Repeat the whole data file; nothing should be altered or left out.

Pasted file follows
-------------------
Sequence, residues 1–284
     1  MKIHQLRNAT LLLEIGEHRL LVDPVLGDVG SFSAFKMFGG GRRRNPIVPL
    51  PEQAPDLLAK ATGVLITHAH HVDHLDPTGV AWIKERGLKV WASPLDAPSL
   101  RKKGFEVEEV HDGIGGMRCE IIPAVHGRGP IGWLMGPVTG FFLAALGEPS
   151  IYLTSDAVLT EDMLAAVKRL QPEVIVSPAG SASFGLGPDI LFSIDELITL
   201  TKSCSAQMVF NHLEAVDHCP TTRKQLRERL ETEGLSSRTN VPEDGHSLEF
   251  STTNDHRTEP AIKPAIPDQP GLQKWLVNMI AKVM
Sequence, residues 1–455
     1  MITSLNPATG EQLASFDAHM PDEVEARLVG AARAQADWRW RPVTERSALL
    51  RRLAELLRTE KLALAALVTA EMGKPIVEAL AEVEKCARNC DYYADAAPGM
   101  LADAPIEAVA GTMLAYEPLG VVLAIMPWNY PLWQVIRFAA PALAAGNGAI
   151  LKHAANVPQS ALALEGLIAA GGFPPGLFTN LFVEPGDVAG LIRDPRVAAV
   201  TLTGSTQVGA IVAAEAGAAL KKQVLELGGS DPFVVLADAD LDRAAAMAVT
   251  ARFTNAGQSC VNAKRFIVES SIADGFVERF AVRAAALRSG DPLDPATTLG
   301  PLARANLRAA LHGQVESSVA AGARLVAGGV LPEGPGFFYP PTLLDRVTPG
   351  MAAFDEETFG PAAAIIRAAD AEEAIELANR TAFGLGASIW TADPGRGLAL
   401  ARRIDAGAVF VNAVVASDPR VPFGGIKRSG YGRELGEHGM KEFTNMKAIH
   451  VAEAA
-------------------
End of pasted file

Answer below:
Sequence, residues 1–284
     1  MKIHQLRNAT LLLEIGEHRL LVDPVLGDVG SFSAFKMFGG GRRRNPIVPL
    51  PEQAPDLLAK ATGVLITHAH HVDHLDPTGV AWIKERGLKV WASPLDAPSL
   101  RKKGFEVEEV HDGIGGMRCE IIPAVHGRGP IGWLMGPVTG FFLAALGEPS
   151  IYLTSDAVLT EDMLAAVKRL QPEVIVSPAG SASFGLGPDI LFSIDELITL
   201  TKSCSAQMVF NHLEAVDHCP TTRKQLRERL ETEGLSSRTN VPEDGHSLEF
   251  STTNDHRTEP AIKPAIPDQP GLQKWLVNMI AKVM
Sequence, residues 1–455
     1  MITSLNPATG EQLASFDAHM PDEVEARLVG AARAQADWRW RPVTERSALL
    51  RRLAELLRTE KLALAALVTA EMGKPIVEAL AEVEKCARNC DYYADAAPGM
   101  LADAPIEAVA GTMLAYEPLG VVLAIMPWNY PLWQVIRFAA PALAAGNGAI
   151  LKHAANVPQS ALALEGLIAA GGFPPGLFTN LFVEPGDVAG LIRDPRVAAV
   201  TLTGSTQVGA IVAAEAGAAL KKQVLELGGS DPFVVLADAD LDRAAAMAVT
   251  ARFTNAGQSC VNAKRFIVES SIADGFVERF AVRAAALRSG DPLDPATTLG
   301  PLARANLRAA LHGQVESSVA AGARLVAGGV LPEGPGFFYP PTLLDRVTPG
   351  MAAFDEETFG PAAAIIRAAD AEEAIELANR TAFGLGASIW TADPGRGLAL
   401  ARRIDAGAVF VNAVVASDPR VPFGGIKRSG YGRELGEHGM KEFTNMKAIH
   451  VAEAA